Time: around 6 BCE. Location: India. A physician places another open plastic cup filled with urine on the crowded windowsill. Then he looks at the trail of black ants creeping up the wall, and makes note of the samples that are covered with ants. An early test for diabetes – crude yet effective.
Sugar in the blood
Diabetes is a condition that affects how the body processes glucose (sugar). Glucose is the main source of fuel used in our bodies. Blood glucose levels are controlled by a hormone called insulin.
When glucose levels are high (e.g. after a meal), beta cells of the pancreas produce insulin, which signals for glucose to be stored. But, if this circuit fails, and blood glucose remains high, it leads to diabetes.
Type 1 versus type 2 diabetes
There are two main types of diabetes. Type 1 diabetes occurs when a person can’t make insulin, because their immune system has destroyed the insulin-producing beta cells in the pancreas.
People with type 2 diabetes make insulin, but their bodies don’t respond to it. As their blood glucose remains high, the pancreas tries to compensate by making extra insulin. Eventually the beta cells stop functioning because they are overworked and insulin is no longer produced. Symptoms of type 2 diabetes includes thirst, frequent urination, skin discolouration, blurred vision, slow-healing wounds and fatigue.
How much sugar is in your sweet treat?
The risk factors
Type 2 diabetes is a complex disease, fuelled by a combination of factors such as age, sex, obesity, physical activity and diet. However, it is also a disease with a strong genetic influence.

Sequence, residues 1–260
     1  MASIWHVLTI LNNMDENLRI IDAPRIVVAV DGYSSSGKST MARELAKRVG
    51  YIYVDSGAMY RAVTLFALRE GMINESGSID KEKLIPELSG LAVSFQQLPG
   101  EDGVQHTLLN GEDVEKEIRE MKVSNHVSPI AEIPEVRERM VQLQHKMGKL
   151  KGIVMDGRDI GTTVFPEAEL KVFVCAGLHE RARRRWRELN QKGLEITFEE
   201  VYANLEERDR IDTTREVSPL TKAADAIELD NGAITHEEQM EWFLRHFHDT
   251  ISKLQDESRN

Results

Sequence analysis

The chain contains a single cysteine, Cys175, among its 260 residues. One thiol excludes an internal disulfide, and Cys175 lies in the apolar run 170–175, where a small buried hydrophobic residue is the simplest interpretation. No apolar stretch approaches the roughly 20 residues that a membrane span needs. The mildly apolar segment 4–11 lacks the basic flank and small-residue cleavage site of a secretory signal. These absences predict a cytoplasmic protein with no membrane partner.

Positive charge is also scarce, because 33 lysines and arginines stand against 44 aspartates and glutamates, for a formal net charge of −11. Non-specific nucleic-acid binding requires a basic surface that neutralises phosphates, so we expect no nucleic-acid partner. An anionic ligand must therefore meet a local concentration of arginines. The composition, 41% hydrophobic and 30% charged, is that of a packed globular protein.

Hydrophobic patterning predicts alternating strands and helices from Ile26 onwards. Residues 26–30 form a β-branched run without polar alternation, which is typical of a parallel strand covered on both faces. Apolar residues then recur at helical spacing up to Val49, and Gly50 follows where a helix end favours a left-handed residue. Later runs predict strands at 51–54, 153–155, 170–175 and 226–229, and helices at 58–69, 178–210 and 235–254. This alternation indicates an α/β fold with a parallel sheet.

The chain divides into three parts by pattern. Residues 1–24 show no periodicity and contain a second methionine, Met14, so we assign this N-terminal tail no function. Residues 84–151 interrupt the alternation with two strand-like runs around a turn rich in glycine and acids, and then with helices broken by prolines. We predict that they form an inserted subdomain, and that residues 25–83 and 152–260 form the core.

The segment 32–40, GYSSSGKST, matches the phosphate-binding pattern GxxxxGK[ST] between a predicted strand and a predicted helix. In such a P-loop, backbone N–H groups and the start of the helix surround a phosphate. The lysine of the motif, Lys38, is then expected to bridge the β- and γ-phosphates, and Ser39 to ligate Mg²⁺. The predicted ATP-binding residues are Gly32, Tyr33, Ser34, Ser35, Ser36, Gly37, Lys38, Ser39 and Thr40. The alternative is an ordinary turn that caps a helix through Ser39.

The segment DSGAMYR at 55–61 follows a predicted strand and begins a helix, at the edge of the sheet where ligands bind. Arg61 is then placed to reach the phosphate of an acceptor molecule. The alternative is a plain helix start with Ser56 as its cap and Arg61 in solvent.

Genetics of diabetes
Many studies have shown that diabetes is inherited. Having an immediate family member with the disease significantly increases your risk of diabetes. There’s a 40% chance of developing type 2 diabetes, if one of your parents has it. The risk increases up to 70%, if both parents are affected.
This is why scientists have focused on genetic variations as a way to identify people that are at high risk of type 2 diabetes. These studies compare the DNA of people with diabetes to the DNA of healthy people, looking for variants known as single nucleotide polymorphism (SNPs).
SNPs are small changes in nucleotides, the building blocks of DNA. More than 60 SNPs are already implicated in type 2 diabetes, and the list keeps growing.
Beta cells and insulin
Many of the risk variants linked to type 2 diabetes affect the function of beta cells and insulin.
TCF7L2, the gene most strongly linked to type 2 diabetes susceptibility, encodes a protein that controls the levels of other genes. People with one risk variant of TCF7L2 (called rs7903146) make less insulin, and are at higher risk for type 2 diabetes.
Other risk variants are found in the GCK gene that acts as a glucose sensor, the IRS1 gene involved in relaying insulin signalling, and the MTNR1B gene, which affects insulin release. While these variants may increase the risk, not everyone who inherits them will actually develop diabetes.
The “diabesity” crisis
One of the first diseases to be described in history, diabetes now claims its fame as one of the fastest growing diseases. Over 366 million people around the world were affected by diabetes in 2011, along with an estimated 180 million undiagnosed cases.
On top of that, obesity has also become a public health crisis. As obesity and diabetes go hand in hand, being able to predict “diabesity” risk based on genetics, may prove to be a critical turning point to solving this problem.
With genetic knowledge, comes the power to adapt. Will it be enough motivation to break the cycle to stop you from becoming another statistic?
Are you at risk?
Does diabetes run in your family? Find out your risk with the DNA Type 2 Diabetes Test, so you can implement simple lifestyle changes to protect yourself.